Dubai: The UAE Federal Traffic Council is considering lowering the driving age to 16 or 17, a top police official said.
Major General Mohammad Saif Al Zafein, Assistant to the Dubai Police Chief for Operations’ Affairs and Chairman of the Federal Traffic Council, said on Sunday the fact that, according to police statistics, drivers aged between 18 and 21 are less likely to cause accidents has made the police consider reducing the minimum driving age.
He said motorcycle licences are given at 17.
He added during the committee meeting on Sunday that riding motorcycles is more dangerous than driving cars.
“If teenagers at age 16 or 17 are allowed to get their driving licence this will prevent them from driving in an illegal and dangerous way, threatening their own lives and the lives of others.”
It is yet to be decided what the new minimum age limit to obtain a driving licence will be. The decision regarding the reduction of the legal age limit will be taken within a legal and procedural framework that ensures public safety.
The decision will help families who are reliant on those under 18 to run household errands.
The meeting also discussed various proposals and terms and conditions which would allow the age limit to be reduced, including having a close relative in the car with teenage drivers. The council discussed some of the regulations that may accompany such a change, such as the provision of a special speedometer capable of limiting the vehicle’s speed.
The current minimum driving age is 18 years, but people are allowed to apply for driving licences at the age of 17 years and six months so they can obtain their licence when they turn 18.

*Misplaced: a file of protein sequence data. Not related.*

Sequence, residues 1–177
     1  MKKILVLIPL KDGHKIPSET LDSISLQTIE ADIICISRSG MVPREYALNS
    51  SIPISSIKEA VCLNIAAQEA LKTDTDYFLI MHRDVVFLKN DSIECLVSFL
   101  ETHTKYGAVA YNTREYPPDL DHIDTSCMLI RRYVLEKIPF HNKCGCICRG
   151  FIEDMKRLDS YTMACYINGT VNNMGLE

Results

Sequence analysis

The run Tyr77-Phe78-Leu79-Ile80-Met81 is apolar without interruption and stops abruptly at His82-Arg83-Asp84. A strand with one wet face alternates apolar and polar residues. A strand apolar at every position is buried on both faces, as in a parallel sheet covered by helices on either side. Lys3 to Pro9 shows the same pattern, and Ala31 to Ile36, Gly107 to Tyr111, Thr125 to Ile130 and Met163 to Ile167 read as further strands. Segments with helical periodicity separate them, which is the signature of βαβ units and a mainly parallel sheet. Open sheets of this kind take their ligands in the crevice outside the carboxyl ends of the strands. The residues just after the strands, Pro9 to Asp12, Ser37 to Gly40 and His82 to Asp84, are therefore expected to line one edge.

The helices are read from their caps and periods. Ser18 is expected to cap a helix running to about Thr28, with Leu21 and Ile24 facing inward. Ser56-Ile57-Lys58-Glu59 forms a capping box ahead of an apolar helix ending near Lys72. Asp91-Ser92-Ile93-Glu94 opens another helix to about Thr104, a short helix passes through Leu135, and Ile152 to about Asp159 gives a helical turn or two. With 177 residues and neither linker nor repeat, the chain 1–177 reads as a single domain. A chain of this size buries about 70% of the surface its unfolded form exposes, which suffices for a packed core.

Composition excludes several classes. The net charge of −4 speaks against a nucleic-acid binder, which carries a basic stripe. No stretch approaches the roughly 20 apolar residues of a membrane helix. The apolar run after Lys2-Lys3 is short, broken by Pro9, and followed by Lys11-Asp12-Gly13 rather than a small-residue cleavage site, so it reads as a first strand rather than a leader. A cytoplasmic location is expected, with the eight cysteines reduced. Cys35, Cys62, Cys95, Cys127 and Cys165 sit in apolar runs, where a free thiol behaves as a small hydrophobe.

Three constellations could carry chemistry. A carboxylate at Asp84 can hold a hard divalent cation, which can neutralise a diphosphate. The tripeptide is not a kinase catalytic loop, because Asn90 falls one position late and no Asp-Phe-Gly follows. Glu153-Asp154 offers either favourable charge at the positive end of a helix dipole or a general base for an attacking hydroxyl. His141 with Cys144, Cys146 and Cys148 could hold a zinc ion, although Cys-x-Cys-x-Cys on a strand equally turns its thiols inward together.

This topic came up during a meeting of the Federal Traffic Council, chaired by Major General Al Zafein in the presence of council members and police officials.
The meeting also discussed the legal age required to apply for a driving licence for light and heavy vehicles and buses.
A number of proposals were also discussed aimed at maintaining safety on the roads, such as prohibiting registration of minibuses carrying passengers due to the huge number of accidents caused by such vehicles. The meeting also discussed implementing fines and jail terms for some traffic violations that endanger people’s lives.
Major General Al Zafein also said that many of the country’s roads are unsafe for cyclists.
He suggested cycling be banned on roads with a speed limit of 50 km/h due to the difference between the speed of bicycles and the speed of vehicles.
Major General Al Zafein said bicycles could be ridden on the pavement while respecting pedestrians’ rights, saying that in the case of accidents injuries will be less severe compared with injuries resulting from accidents between bicycles and vehicles on main roads.